R5(config)#ip ssh timeout seconds

If a user logs in incorrectly several times, the router drops the connection. The default for authentication attempts is 3, and the maximum is 5. In this example, the default is kept, but the syntax for the command is as follows:

R5(config)#ip ssh authentication-retries number

In Lesson 15-1, you allowed Telnet as the type of connection over vtys on R8. Here, you specify SSH as the connection of choice in the following manner:

R5(config-line)#transport input ssh

Step 5: Verification

Example 15-18 shows the output of the running configuration of R5. All the steps that have been covered in this case study are displayed.

Example 15-18 SSH Configuration

R5(config)#hostname R5
R5(config)#ip domain-name cisco.com
R5(config)#access-list 15 permit 140.100.56.6 log        _ Only R6
R5(config)#line vty 0 4
R5(config-line)#access-class 15 in
R5(config-line)#login local

R5(config-line)#transport input ssh

R5(config-line)#exit
R5(config)#username admin privilege 15 password cisco

R5(config)#crypto key generate rsa

The name for the keys will be: R5.cisco.com
Choose the size of the key modulus in the range of 360 to 2048 for your
 General Purpose Keys. Choosing a key modulus greater than 512 may take
 a few minutes.
How many bits in the modulus [512]:512 "or hit ENTER"
Generating RSA keys ...
[OK]
R5(config)#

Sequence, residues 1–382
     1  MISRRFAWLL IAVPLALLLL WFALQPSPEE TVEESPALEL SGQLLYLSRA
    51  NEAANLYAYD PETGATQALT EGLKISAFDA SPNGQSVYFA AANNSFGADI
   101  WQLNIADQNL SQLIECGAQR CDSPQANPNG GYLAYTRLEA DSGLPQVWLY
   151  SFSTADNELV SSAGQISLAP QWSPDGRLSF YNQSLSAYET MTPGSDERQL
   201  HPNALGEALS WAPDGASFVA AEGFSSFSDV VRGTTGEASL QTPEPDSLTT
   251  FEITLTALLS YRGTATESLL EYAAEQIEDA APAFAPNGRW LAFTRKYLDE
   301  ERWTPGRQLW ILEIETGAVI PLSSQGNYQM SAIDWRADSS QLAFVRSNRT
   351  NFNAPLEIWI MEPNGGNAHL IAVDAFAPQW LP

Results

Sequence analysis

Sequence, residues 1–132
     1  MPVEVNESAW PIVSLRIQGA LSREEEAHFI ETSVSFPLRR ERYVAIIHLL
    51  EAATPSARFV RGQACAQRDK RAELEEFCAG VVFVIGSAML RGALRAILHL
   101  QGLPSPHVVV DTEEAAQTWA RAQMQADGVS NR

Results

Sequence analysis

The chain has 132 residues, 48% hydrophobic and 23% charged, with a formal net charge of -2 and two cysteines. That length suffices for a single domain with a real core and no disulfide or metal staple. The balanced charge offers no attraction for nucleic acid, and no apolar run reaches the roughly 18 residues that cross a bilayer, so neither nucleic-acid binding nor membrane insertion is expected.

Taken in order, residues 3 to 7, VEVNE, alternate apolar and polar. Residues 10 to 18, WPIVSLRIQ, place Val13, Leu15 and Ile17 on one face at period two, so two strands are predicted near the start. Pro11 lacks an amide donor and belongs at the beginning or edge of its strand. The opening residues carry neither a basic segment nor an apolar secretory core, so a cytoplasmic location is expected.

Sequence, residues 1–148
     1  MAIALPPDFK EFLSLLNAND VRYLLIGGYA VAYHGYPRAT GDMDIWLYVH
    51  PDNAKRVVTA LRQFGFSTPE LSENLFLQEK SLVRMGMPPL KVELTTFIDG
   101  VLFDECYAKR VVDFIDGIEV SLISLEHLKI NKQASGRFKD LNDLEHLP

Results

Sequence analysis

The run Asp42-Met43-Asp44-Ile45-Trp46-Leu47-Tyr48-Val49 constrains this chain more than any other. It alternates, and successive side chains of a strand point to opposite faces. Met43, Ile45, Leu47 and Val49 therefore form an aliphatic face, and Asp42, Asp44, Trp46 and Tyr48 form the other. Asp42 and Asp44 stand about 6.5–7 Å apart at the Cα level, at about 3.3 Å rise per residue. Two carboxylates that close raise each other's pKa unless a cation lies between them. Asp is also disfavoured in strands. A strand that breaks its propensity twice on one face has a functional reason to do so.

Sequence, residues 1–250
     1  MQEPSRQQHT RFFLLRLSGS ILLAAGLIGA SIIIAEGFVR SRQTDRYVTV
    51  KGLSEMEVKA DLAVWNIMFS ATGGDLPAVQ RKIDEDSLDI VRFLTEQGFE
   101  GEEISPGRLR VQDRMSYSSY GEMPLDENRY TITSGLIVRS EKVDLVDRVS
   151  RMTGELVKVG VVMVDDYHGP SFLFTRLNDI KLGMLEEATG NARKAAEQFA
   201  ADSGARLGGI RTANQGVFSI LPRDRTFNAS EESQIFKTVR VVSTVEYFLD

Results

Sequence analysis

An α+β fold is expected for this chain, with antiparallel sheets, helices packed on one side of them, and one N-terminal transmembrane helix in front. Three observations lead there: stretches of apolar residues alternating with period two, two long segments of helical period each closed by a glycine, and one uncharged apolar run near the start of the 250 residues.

Sep 29 22:26:42: %SSH-5-ENABLED: SSH 1.5 has been enabled
R5(config)#ip ssh authentication-retries 3

R5(config)#ip ssh time-out 60

R5(config)#

To determine whether the configuration is working, the next logical step is to try to connect to R5 from R6 via SSH. Issue the following statement on R6, as shown in Example 15-19:

ssh –c des –l admin 140.100.56.5

Type in the password at the prompt.

Example 15-19 Connecting from R6 to R5 via SSH

r6#ssh -c des -l admin 140.100.56.5       _ R5
Trying 140.100.56.5...Open
password:cisco

Once you are successfully connected, you can input show ssh on R5 to verify that SSH has been successfully enabled and check that your session is using SSH. Example 15-20 shows the output of the show ssh command, which displays the status of SSH server connections, and the show ip ssh command, which demonstrates the version and configuration data for SSH.

Example 15-20 The show ssh and show ip ssh Commands on R5

 R5#show ssh
 Connection   Version Encryption   State          Username
   0       1.5   DES       Session started     cisco

R5#show ip ssh
SSH Enabled - version 1.5
Authentication timeout: 60 secs; Authentication retries: 3

If you use the Cisco IOS Software debug ip ssh command, you can monitor the SSH operation. Example 15-21 illustrates the output of the debug ip ssh client command. The first part of the output is the display of user activity, and the second is the log line that was recorded after the user exited the SSH server.

Example 15-21 The debug ip ssh client Command Output

R5#debug ip ssh client

Sep 29 22:36:52: SSH1: sent protocol version id SSH-1.5-Cisco-1.25
Sep 29 22:36:52: SSH1: protocol version id is - SSH-1.5-Cisco-1.25o
!
User exits ssh router
Sep 29 22:37:37: SSH1: Session terminated normally